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ERIC Number: ED254474
Record Type: RIE
Publication Date: 1984-Sep
Pages: 41
Abstractor: N/A
Reference Count: 0
Patterns and Effects of Geographic Mobility of Academic Women and Men.
Rosenfeld, Rachel A.; Jones, Jo Ann
The possibility that sex differences in geographic mobility patterns underlie some of the sex differences in college faculty career patterns is addressed in this study of career advancement. Two major hypotheses were tested: (1) that women's mobility patterns are different from men's because women are less likely to move and more likely to be overrepresented in large, urbanized areas, and (2) that even the same type of geographic mobility is less coordinated with career stage and advancement for women than for men. The sample (N=622) was selected from the 1981 Directory of the American Psychological Association. This directory includes information on degrees, birth date, jobs, and professional interests. Consistency of reporting and missing information were checked by using the previous seven years' directories. Geographic mobility and location at two career stages were considered: the first job after the Ph.D. and the job held six years after receiving the Ph.D. Results indicated mixed support for the hypotheses. Women, especially earlier in their careers, were less mobile than men and more likely to be concentrated in urban areas and this did have a negative effect. Data on career stage and mobility did not support the second hypothesis. Recommendations for further research on sex differences in academic career patterns are also given. (IS)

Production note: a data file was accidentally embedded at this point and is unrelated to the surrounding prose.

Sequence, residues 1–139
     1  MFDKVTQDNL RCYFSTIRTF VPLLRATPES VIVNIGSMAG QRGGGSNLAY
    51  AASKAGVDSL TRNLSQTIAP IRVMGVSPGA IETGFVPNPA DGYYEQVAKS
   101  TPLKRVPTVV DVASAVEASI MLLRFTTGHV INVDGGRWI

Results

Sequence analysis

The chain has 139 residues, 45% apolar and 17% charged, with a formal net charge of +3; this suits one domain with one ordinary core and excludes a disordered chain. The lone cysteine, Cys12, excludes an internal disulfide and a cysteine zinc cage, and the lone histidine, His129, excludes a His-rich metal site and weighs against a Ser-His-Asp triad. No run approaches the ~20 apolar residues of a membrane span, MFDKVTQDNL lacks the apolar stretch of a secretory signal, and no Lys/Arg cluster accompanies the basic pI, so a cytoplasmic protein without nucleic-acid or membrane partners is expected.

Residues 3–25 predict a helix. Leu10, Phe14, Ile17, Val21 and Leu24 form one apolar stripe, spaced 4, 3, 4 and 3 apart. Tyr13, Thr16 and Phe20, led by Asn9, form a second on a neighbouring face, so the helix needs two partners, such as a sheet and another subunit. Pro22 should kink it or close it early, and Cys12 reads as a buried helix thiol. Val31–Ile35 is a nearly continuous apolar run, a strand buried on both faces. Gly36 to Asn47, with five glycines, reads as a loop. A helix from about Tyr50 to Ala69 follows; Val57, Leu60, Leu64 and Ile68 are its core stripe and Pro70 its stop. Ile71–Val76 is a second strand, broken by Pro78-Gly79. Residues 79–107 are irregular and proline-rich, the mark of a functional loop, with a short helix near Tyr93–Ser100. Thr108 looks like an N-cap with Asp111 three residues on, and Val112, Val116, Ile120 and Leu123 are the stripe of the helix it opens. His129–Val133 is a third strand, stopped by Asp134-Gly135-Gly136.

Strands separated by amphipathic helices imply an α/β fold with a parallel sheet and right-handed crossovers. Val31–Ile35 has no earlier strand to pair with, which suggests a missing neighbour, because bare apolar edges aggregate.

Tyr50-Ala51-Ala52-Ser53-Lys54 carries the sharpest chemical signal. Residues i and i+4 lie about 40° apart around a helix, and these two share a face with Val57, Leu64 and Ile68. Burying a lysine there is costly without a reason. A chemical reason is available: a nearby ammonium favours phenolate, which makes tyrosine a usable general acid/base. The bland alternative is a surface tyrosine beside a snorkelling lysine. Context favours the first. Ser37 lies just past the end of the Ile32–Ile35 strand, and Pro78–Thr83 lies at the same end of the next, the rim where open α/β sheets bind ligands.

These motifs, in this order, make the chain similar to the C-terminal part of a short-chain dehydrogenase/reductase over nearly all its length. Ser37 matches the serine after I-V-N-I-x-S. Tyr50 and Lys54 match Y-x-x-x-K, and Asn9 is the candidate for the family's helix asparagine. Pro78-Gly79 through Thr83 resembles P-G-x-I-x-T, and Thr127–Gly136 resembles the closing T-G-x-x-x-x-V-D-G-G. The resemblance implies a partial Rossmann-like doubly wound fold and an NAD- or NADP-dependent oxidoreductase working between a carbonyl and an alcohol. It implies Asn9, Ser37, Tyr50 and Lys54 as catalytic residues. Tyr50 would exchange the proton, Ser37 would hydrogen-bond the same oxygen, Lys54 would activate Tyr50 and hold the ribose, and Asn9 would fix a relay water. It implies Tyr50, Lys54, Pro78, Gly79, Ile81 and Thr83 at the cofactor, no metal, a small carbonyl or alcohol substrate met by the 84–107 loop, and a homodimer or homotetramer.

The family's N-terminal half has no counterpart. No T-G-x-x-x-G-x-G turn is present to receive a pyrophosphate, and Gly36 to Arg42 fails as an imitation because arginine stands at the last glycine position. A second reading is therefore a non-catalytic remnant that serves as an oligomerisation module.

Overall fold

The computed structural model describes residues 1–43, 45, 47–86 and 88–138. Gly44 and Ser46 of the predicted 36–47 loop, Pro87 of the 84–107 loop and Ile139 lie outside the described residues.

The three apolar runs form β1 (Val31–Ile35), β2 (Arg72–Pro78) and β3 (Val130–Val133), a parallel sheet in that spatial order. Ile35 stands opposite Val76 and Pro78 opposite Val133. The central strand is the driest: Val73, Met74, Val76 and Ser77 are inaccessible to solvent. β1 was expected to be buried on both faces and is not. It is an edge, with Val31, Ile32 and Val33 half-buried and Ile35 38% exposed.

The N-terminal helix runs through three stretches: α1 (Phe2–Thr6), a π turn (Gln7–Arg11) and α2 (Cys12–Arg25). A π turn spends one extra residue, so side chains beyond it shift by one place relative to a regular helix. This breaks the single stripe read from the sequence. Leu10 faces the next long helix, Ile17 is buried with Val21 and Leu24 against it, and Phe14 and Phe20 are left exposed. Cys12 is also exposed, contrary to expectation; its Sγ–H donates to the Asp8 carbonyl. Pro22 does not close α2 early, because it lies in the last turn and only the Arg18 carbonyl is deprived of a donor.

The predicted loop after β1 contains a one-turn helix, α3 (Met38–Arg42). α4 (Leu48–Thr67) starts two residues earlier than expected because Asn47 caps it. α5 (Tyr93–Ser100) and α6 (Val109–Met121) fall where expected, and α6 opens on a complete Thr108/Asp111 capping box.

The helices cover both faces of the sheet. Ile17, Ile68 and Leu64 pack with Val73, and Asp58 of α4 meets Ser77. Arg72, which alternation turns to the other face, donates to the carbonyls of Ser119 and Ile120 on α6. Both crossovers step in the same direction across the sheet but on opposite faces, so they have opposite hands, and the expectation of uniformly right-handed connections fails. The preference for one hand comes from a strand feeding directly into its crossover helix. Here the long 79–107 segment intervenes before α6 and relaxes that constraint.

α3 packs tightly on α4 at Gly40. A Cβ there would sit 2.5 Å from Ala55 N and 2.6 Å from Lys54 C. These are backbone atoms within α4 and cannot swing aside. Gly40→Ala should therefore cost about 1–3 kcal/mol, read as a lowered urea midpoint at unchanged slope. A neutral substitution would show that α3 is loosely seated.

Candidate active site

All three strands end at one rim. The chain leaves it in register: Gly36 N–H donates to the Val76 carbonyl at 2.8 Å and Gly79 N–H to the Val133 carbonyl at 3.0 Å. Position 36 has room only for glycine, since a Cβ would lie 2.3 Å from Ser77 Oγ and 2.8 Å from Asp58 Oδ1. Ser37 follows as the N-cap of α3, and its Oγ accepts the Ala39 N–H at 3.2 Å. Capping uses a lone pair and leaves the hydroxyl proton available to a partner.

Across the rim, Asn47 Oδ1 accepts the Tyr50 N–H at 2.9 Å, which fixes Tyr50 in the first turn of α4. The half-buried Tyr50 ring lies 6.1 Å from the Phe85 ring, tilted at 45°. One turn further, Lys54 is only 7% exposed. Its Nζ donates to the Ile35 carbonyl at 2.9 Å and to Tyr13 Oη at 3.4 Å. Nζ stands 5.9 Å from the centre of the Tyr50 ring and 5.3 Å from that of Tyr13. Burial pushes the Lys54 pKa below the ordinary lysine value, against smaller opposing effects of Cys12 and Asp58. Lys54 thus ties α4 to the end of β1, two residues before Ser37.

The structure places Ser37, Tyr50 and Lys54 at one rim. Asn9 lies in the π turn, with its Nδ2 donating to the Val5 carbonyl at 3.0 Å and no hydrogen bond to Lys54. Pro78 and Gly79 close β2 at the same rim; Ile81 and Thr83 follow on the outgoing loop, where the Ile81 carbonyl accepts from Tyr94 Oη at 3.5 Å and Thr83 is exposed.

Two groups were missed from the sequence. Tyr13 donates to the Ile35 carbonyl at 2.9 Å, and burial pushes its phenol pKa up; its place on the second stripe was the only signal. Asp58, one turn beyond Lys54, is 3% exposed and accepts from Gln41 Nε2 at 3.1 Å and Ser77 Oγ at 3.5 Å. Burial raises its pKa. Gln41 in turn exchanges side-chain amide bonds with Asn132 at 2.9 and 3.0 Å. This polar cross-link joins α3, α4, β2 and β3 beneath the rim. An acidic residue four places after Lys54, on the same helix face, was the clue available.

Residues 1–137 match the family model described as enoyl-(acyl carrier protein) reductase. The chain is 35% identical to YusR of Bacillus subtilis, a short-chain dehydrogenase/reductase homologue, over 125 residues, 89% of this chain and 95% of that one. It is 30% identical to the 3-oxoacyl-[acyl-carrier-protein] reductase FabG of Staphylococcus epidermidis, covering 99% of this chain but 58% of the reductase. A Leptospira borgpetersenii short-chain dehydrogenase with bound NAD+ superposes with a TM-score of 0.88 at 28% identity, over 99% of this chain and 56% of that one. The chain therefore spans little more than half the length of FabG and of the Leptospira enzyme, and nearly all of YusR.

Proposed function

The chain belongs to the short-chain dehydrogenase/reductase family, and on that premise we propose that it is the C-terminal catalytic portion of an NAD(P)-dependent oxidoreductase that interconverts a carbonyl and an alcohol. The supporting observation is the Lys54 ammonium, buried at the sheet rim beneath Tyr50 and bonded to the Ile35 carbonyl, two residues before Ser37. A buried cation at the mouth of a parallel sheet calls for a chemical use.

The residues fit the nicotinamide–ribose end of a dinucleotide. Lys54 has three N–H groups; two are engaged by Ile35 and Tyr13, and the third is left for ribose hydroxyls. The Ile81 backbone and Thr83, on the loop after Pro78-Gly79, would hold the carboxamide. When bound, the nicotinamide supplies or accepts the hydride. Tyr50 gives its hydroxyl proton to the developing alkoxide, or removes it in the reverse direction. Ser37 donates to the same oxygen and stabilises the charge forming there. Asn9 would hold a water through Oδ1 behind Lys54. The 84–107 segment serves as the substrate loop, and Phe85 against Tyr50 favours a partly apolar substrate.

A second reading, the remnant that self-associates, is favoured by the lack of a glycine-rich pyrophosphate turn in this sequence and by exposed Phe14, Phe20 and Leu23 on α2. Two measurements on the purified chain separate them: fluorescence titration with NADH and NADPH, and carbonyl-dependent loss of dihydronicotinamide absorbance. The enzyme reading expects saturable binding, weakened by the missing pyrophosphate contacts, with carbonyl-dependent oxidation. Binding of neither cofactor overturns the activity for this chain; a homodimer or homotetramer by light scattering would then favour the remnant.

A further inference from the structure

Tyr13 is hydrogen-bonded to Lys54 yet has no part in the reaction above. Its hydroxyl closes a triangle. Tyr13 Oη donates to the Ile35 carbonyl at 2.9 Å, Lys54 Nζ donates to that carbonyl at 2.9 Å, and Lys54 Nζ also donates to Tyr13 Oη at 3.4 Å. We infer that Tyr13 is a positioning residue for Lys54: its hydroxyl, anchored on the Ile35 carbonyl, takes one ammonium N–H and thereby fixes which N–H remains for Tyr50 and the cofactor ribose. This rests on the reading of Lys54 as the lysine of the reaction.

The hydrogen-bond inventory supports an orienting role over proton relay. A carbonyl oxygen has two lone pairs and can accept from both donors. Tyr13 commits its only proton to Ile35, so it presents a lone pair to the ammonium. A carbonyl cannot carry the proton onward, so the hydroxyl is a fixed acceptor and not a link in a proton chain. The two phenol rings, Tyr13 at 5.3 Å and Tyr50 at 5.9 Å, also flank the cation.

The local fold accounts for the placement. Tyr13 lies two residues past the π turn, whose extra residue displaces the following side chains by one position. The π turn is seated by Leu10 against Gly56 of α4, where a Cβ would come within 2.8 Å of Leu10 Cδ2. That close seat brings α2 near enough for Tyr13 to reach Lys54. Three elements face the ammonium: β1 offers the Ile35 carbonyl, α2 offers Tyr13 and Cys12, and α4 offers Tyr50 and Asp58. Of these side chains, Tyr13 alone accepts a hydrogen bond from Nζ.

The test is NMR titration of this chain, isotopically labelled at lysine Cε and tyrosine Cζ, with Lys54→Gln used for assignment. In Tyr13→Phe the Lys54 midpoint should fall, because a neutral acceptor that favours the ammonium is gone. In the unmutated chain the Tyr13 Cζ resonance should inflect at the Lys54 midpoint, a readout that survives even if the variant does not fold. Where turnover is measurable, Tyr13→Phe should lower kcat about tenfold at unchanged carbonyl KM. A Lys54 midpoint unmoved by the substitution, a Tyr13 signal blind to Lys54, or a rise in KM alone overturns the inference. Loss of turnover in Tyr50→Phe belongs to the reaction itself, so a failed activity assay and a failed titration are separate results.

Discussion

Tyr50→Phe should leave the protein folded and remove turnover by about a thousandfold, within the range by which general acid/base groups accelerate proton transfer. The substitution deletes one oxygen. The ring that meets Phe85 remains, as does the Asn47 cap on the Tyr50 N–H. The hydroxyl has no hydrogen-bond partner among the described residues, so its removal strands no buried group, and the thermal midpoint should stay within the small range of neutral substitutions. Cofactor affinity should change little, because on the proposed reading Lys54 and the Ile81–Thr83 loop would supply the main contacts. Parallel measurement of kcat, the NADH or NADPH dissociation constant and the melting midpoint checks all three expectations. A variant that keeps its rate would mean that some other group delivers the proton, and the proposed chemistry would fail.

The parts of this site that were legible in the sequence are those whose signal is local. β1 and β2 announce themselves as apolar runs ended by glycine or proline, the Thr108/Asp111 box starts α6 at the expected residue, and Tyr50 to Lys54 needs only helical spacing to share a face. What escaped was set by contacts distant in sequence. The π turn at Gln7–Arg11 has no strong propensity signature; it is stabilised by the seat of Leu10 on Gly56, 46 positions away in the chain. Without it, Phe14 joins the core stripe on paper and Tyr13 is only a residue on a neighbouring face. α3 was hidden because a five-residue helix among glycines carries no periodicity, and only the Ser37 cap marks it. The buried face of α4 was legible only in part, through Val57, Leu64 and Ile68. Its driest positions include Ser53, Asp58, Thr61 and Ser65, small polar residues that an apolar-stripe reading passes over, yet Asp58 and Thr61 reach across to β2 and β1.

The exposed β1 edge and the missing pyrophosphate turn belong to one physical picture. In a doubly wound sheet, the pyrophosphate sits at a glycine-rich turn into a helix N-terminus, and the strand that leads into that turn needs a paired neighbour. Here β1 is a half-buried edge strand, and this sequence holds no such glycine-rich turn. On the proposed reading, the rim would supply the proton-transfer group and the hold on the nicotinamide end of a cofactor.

Publication Type: Reports - Research; Speeches/Meeting Papers
Education Level: N/A
Audience: N/A
Language: English
Sponsor: N/A
Authoring Institution: N/A
Note: Paper presented at the Annual Meeting of the American Sociological Association (79th, San Antonio, TX, August 27-31, 1984). Research supported by the Young Scholar's Spencer Grant and the NIH National Research Service Award (2 T32 HD07168).